So this partnership with the DAC is basically a key milestone for us to operate in South Africa and beyond!



だからこそ、私たちは大学と連携することで、そうした学生に直接アプローチをし、デザイン業界で活躍する可能性やアントレプレナー精神の醸成を目指しています。最初のアプローチとして、私のビジネスパートナーのMphoの母校であるTshwane University of Technologyのテキスタイルデザイン学科でワークショップを行いました。17名の学生が参加し、Mphoが一人一人のワークを見て回りました。それぞれの学生がユニークな視点を発信しています。デザインコンペへの参加方法は、6つのデザインで形成されるコレクションを作成し、アフリカの視点からの自身のストーリーとともに、提出することです。最終的に選ばれた学生のデザインを、私たちMaki & Mphoのカプセルコレクションとして展示や商品化の機会する予定です。将来的には、こうした優秀なデザイナーたちにMaki & Mphoチームに参画してもらいたいと思っています。


こういったプロセスにおいて、パートナーシップを非常に重視しています。いわゆる新興国市場におけるビジネスであれば同様のことが言えるかもしれませんが、南アフリカにおいて、政府機関との連携は不可欠です。政府機関は当然、現地の他の主要機関や大企業などとの連携があるため、彼らとうまくパートナーシップを組むことで、そういった他の機関との連携が可能になるためです。南アフリカのデザイン業界という文脈においては、DACは、アフリカ最大のデザインプラットフォームであるDesign Indabaを含む、アートやデザインの主要な取り組みをサポートしています。






Our key long-term mission is to create a new global market for African creators who tell stories from the African perspective mainly using surface (textile) and product design.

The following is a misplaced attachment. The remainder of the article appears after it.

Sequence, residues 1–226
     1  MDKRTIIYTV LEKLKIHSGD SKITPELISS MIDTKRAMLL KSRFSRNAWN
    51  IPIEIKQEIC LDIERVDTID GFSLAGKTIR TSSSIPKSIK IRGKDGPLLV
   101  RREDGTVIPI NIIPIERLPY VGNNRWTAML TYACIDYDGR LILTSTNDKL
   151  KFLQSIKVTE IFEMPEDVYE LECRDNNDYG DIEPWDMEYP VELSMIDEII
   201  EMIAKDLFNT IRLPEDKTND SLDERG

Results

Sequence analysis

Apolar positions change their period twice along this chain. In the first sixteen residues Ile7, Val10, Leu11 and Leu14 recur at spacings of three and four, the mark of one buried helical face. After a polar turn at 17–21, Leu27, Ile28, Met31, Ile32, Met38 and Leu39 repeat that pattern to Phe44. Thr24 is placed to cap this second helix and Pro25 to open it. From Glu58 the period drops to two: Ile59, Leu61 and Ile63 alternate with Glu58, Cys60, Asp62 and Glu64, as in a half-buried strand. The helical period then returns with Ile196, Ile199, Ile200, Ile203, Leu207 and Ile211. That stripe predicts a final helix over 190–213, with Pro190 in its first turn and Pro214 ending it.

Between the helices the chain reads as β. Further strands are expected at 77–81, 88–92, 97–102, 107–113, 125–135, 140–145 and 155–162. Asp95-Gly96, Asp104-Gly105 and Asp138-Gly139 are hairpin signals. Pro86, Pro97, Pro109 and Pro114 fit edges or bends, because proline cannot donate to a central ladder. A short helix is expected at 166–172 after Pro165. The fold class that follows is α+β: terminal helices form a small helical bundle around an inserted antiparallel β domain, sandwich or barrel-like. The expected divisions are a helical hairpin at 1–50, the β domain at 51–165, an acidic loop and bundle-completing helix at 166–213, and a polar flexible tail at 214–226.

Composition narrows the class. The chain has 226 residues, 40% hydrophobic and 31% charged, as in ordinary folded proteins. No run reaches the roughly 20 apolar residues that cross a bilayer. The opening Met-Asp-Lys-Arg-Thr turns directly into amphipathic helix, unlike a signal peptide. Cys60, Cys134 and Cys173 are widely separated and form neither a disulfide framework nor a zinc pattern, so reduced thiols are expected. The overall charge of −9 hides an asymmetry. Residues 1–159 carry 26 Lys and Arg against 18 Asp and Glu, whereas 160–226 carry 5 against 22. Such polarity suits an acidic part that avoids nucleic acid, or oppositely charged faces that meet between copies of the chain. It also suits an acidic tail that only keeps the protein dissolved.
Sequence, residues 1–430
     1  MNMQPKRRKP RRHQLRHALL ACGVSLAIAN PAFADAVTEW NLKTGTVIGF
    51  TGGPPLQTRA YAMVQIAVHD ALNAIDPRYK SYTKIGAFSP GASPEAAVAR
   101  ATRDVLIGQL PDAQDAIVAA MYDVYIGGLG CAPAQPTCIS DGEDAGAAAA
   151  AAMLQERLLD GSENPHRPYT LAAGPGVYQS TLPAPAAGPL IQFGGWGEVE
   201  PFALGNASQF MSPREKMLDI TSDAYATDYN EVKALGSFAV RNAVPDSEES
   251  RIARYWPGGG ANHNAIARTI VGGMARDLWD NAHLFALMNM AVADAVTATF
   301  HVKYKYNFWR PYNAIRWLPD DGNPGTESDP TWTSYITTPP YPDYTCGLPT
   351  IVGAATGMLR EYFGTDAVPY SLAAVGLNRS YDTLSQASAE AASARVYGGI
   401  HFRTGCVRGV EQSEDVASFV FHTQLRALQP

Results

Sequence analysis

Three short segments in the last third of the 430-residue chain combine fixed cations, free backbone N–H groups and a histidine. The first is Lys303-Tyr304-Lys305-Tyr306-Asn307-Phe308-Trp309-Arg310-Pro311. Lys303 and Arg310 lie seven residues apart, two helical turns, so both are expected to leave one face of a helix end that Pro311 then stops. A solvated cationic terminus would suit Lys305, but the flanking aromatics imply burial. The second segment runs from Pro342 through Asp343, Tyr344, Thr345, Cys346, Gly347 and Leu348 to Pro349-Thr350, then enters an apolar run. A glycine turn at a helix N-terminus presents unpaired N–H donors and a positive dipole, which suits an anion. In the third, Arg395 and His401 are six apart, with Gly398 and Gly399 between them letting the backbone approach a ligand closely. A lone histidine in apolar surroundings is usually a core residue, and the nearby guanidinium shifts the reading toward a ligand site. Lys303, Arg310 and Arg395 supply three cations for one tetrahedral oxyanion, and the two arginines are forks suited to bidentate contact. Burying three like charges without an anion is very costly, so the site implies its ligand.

One can argue that entering the global design market, for example, NYC or London means that you are in the red ocean. But I would argue that promoting and selling contemporary African design is about venturing into a blue ocean because it is about sharing a new type of cultural experience.

As I go travel around the world for the past 20 years since I first traveled to the U.S., I have been noticing how Japanese food products have been expanding to the overseas’ market, and how companies have been making efforts to educate consumers as they promote their products. Consumer education takes efforts and time, but definitely, an important aspect to venturing into a blue ocean!

Now this is Africa’s turn!






A Continent of Contemporary Design!

A Continent of Contemporary Design!


The other day, I talked about the African print, but wanted to share some follow-up today as I visited the exhibition and dialogues of “Making Africa: A Continent of Contemporary Design” yesterday in Netherlands. I have already talked about the company Vlisco, but I thought it would be worth sharing what these words they presented in the very context in Netherlands.